Tuesday, November 17, 2009

Just a tiny speck

Ever since I was little I've been fascinated by space. From the ancient myths about the constellations (a post all it's own, hopefully coming soon) to planets, stars, and other solar systems, I love to just contemplate the universe. Just yesterday I was walking across the parking lot at work and I couldn't help but look up in awe at how massive the universe is and how tiny we all are.

Today's post is a picture post of some amazing space images, which will certainly make you feel just a little insignificant:

The clouds and gas in the image were taken by the Herschel Observatory. This picture show the materials just starting to condense into stars in our Milky Way galaxy.

Yet another star-forming cloud taken with the Spitzer telescope.

Another image from the Spitzer telescope of a spiral galaxy in Ursa Major (46 million light years from Earth). Like most images of space, this is actually a composite of three different images (blue, green, and red capture different infrared wavelengths).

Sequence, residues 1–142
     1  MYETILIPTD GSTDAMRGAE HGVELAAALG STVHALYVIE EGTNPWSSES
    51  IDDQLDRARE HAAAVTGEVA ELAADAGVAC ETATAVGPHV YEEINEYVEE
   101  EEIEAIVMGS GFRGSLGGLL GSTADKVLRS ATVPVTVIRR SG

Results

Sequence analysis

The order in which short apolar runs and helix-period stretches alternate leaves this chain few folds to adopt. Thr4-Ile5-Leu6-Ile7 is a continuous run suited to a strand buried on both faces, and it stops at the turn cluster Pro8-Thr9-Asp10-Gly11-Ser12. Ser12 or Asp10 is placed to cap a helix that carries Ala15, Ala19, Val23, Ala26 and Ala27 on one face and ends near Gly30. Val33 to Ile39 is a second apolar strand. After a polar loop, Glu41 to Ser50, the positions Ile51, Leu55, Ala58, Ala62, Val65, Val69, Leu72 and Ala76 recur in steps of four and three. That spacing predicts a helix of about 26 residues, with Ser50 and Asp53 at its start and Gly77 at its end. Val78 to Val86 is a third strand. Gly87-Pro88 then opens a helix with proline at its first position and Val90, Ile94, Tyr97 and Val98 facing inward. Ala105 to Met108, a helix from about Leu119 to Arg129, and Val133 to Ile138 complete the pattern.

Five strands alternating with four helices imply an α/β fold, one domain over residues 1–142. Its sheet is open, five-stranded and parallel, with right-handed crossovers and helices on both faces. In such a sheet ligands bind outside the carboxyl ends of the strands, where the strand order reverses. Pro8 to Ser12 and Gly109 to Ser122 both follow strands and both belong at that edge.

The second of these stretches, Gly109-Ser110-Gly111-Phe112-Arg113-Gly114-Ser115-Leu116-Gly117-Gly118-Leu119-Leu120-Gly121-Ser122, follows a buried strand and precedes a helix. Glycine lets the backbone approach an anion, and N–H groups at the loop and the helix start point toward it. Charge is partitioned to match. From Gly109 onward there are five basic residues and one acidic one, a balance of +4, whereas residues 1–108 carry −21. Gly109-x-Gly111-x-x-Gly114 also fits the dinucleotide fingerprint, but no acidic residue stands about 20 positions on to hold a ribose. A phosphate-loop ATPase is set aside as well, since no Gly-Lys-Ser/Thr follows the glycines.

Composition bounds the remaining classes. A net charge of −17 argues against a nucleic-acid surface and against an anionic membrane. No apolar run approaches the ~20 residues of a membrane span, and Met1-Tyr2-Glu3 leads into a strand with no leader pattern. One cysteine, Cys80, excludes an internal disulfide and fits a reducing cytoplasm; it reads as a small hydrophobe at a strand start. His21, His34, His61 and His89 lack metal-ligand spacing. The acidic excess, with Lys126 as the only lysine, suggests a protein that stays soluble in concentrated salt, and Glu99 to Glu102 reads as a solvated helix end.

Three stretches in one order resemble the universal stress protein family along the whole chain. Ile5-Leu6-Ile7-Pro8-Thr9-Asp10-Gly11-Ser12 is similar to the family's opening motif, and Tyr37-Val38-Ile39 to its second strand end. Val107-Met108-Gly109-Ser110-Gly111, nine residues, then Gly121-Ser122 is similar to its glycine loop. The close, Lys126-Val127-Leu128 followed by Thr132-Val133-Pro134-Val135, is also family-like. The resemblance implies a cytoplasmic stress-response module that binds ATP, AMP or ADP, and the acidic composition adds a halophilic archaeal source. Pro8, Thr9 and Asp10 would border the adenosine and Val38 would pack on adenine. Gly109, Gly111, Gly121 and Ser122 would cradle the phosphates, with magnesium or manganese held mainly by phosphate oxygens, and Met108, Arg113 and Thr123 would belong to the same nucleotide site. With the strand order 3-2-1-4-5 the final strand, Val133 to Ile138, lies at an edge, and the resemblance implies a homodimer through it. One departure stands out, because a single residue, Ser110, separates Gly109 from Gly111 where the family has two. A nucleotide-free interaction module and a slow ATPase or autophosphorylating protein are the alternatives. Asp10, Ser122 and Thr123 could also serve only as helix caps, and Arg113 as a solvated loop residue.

1400 light years away, this very faint "reflection nebula" sits on the edge of the Milky Way galaxy near the Cepheus constellation.

This amazing picture is actually restored from a 1966 picture of Earth taken from the moon. What an amazing perspective!

This picture from the SOHO satellite was taken in 2000. Not only does this picture actually offer a full shot of what our sun looks like, in the bottom left corner there is also an "erruptive prominence" snaking out from the sun. This "claw" is so huge that ten Earths could fit inside of it. That's one huge fireball!

Probably one of the most famous constellations is that of the great hunter Orion. In the Northern hempisphere, it is one of the easiest winter constellations to spot, specifically because of the three stars ( Alnitak, Alnilam, and Mintaka) that make up Orion's belt. These three stars are each hotter than our sun and are 1500 light years away from Earth.

The Gum Nebula is so large and expansive that we are less than 500 light years from its front and nearly 1500 light years from its back.

The Crab Nebula is one of the most famous because it's so beautiful and interesting (of course, the colors represented here are once again, a mosaic of several images). The Crab Nebula spans 10 light years and contains a pulsar at the center that has as much mas "as the sun...but is only the size of a small town."